Idols can be good things, but when they begin to take precedence above and before God, even good things become idolatrous:

Needing a sports team to win, even a good and upstanding team like the Warriors, can be a form of idolatry.
Wanting worship to only be one certain kind of way can be a form of idolatry.
Insisting that scripture is the only way God speaks to us can be a form of idolatry.
Aspiring to make America great again can be a form of idolatry.

Consider the things in your life that make you irrationally angry, the places in your life where you have little to no flexibility; consider how you spend the bulk of your time or the majority of your money. None of these things are inherently idolatrous, but they can be, depending on the value, the significance, and the weight we give them.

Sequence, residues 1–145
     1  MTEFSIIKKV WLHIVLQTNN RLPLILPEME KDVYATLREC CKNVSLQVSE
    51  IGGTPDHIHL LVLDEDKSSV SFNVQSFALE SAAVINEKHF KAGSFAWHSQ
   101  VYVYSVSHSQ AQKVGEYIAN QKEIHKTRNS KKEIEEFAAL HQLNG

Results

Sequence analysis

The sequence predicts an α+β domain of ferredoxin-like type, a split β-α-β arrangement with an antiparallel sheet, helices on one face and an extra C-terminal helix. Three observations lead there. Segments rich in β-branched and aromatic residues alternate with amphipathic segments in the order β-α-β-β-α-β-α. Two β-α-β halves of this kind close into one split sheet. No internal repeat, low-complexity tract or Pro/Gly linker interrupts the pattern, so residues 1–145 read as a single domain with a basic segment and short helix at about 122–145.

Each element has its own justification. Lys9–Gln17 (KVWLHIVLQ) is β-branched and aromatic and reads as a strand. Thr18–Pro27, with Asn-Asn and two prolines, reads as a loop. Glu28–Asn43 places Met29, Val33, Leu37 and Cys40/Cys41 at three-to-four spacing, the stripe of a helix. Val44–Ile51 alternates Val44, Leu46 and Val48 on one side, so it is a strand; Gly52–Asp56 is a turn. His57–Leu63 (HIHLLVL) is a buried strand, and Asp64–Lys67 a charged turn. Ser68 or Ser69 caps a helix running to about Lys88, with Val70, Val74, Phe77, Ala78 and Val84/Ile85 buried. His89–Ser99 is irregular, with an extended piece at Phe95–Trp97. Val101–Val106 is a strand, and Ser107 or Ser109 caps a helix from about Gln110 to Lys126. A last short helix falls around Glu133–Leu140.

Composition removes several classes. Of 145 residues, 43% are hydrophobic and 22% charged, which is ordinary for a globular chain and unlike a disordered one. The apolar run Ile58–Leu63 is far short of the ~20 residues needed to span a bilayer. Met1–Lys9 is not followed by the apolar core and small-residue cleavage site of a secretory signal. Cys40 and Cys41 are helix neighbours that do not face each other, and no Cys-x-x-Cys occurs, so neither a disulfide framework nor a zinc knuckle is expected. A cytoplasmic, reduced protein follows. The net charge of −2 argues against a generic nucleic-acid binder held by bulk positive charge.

God is to be revered above all. God wants us to delight in the joys of life, to be passionate in our living, but to remember from whom all blessings flow, and that all these things are signs that point to God. They, themselves are not god nor are they worthy of our worship.

The second is that God brings salvation. That word salvation comes from the root, “salve,” which is a balm or an ointment that brings healing.  In Hebrew, the word is yeshuah which is the Hebrew form of Jesus by the way.

Salvation is a means for healing, for wholeness, for deliverance. It’s not just a means for escaping some future, unknown eternal punishment. It’s not just spiritual either.

So who or what is God? God is salvation. God is in the healing and the bringing about wholeness of all that is broken.